Savers struggle to look for value after the Bank of England interest rate cut last week iStock

The Bank of England's interest rate cut to the lowest level in its 322-year history has added to the woes of UK's savers. Governor Mark Carney announced last Thursday that the bank would halve its interest rate to 0.25%, and among a package of other measures would introduce a Term Funding Scheme (TFS) aimed at seeing banks have direct access to this ultra low interest rate.

This measure will result in savers being driven "over a cliff", said Ian Gordon of Investec bank, reported The Sunday Telegraph.

If the banks use the TFS enthusiastically they will have even less need of savers' money and will cut savings rates to discourage deposits, the paper said.

Eric Lonergan of M&G Investments said: "The cut in bank rate is a sideshow. The new Term Funding Scheme is extremely important. There are now two important policy rates in the UK - base rate and the interest rate at which the Bank of England lends under its TFS programme."

"In future, there is no reason why the Bank of England cannot continue to cut the TFS rate and leave Base rates unchanged. In other words, there is no lower bound to the interest rate on TFS."

Here are a few of the cuts, some of which were made in anticipation of the Bank's decision, The Sunday Telegraph has summarised so far:

Santander on August 2 cut its Help to Buy Isa rate cut from 2% to 1.5%. At its one-year, two-year and three-year fixed-rate bonds it made cuts of 0.15, 0.2 and 0.3 percentage points respectively. It also cut its two-year Isa and eIsa by 0.25 percentage points.

Nationwide on July 29 cut its one-year, two-year and three-year fixed-rate Isas all cut by 0.1 percentage point. Its five-year Isa was cut from 1.5% to 1.3%. Its one-year fixed-rate bond saw a 0.1 percentage point cut, and its two-year bond was cut from 1.25% to 1.2%.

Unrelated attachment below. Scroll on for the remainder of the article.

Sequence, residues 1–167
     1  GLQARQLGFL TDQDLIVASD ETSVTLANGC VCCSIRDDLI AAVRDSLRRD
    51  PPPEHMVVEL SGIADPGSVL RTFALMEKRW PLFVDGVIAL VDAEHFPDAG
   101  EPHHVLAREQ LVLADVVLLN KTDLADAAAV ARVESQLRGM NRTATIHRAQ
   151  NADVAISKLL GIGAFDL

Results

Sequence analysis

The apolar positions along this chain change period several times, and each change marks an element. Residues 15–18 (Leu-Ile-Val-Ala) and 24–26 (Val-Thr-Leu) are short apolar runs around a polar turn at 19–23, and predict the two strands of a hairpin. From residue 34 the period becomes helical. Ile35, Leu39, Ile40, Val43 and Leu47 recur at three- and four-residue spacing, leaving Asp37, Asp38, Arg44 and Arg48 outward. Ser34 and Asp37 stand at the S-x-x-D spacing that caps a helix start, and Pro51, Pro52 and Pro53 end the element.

Lloyds on July 26 cut its Easy Saver and Club Lloyds Saverby 0.1 and 0.2 percentage points respectively. The lender cut its Cash Isa saver cut from 1.6% to 1.4%.

The plunging pound is a painful consequence for holidaymakers of the Brexit vote, with sterling falling just as millions head off for their long-awaited summer break, Anna Mikhailova wrote in The Sunday Times.

She said luckily, there are now many ways to convert pounds into foreign money, from apps to "swapping" online with other holidaymakers, which offer more competitive options for anyone going abroad this summer.

Last month I put WeSwap, a "people's currency exchange", to the test on my trip to Spain.

The exchange rate was competitive, marginally better than at my local Thomas Exchange on the same day. To compare, £200 in the traditional exchange would have bought €235, and I got €237.92 via WeSwap.

She said holidaymakers could also try Revolut, an app launched a year ago. Revolut offers more than 90 currencies and, like WeSwap, works anywhere that accepts Mastercard.

For savers keen to invest the Investors Chronicle rates bakers Greggs as a buy. Last week the firm, which runs 1,730 stores, said sales grew by 6% to £422m, with like-for-like sales up 3.8% in the first half of the year.

The group opened 32 net new stores in the period and saw growing demand for the group's "balanced choice" healthy food range and breakfast menu. A total of 70 shops a slated to open over the full year.

Analysts at Peel Hunt expect the company to make pre-tax profits of £78.4m for the year to the end of December, up from £73m the firm posted 12 months ago.